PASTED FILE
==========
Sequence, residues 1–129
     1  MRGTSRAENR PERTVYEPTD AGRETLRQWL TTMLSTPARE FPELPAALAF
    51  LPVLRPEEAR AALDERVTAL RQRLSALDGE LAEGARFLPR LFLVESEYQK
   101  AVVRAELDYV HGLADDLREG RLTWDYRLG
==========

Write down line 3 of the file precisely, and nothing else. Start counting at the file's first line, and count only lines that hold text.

    51  LPVLRPEEAR AALDERVTAL RQRLSALDGE LAEGARFLPR LFLVESEYQK